Page:Popular Science Monthly Volume 52.djvu/11

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APPLETONS'

 

POPULAR SCIENCE

 

MONTHLY.



NOVEMBER, 1897.



PRINCIPLES OF TAXATION.
By DAVID A. WELLS, LL. D., D. C. L.,
CORRESPONDANT DE L'INSTITUT DE FRANCE, ETC.
XII.—THE EXISTING METHODS OF TAXATION.

(Continued from vol. li, page 776.)

TAXATION OF PERSONAL PROPERTY.—Great, however, as may be the inequalities in the valuation and assessment of real property, those which obtain in respect to personal are so much greater as to almost preclude the idea of comparison.

In the incipient stages of society, when property consisted almost or quite exclusively of things tangible and visible—lands, buildings, slaves, horses, cattle, ships, household effects, and implements—when railroad shares, bonds and mortgages, certificates of deposit, and all the multifarious forms of credits and evidences of debt, by which we are enabled to-day to secure interests in land or in visible, tangible personal property in the possession of others, were absolutely unknown,[1] and when the rate of taxation was comparatively small, the theory under consideration was not impracticable in its application, and, under most circumstances, afforded but little opportunity for the working of injustice in respect to arbitrary discriminations in assessing. For when personal property was of a visible and tangible character there was no opportunity to conceal its ownership and to avoid the tax'. Each member of the community furthermore took a sufficient interest in his neighbor's affairs to see that justice was done in this regard. This kind of friendly interest found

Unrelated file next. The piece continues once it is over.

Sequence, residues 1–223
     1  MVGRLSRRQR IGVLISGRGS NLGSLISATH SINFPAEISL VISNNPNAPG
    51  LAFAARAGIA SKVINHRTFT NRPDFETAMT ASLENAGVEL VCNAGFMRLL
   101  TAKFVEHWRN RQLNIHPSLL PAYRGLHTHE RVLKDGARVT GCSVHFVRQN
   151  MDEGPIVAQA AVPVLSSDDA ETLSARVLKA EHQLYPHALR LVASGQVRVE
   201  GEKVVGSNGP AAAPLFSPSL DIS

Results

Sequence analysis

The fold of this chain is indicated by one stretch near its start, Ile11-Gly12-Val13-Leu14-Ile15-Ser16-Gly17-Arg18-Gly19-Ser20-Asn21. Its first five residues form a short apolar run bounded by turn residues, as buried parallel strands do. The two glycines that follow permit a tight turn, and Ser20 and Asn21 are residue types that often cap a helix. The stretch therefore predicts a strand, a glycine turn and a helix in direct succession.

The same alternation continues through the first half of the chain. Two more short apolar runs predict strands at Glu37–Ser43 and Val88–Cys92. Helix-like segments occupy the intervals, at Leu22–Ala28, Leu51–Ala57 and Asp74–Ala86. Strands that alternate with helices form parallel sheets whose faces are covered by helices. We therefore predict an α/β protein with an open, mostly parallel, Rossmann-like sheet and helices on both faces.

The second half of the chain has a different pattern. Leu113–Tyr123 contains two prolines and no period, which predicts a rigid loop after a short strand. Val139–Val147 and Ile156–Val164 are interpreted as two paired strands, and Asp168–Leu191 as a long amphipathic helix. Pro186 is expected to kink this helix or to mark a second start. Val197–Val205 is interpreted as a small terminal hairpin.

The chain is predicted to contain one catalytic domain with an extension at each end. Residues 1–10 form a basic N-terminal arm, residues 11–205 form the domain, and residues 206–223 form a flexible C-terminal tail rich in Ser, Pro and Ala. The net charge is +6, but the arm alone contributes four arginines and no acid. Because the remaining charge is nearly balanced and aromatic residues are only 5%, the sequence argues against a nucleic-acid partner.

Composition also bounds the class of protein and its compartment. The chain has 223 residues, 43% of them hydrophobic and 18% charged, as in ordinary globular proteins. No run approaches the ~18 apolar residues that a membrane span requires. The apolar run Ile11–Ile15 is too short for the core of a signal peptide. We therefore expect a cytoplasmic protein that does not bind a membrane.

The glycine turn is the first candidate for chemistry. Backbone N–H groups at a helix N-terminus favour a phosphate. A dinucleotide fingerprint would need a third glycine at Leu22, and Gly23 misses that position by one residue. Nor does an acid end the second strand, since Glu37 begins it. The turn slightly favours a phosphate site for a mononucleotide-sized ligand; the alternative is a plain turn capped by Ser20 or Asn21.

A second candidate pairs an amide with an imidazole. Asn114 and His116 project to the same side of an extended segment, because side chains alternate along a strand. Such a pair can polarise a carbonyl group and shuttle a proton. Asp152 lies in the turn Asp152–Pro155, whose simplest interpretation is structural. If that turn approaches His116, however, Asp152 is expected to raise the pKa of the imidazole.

1. Of the evidences of wealth owned by one of the richest families in the United States, almost the whole did not have an existence as recently as the year 1840.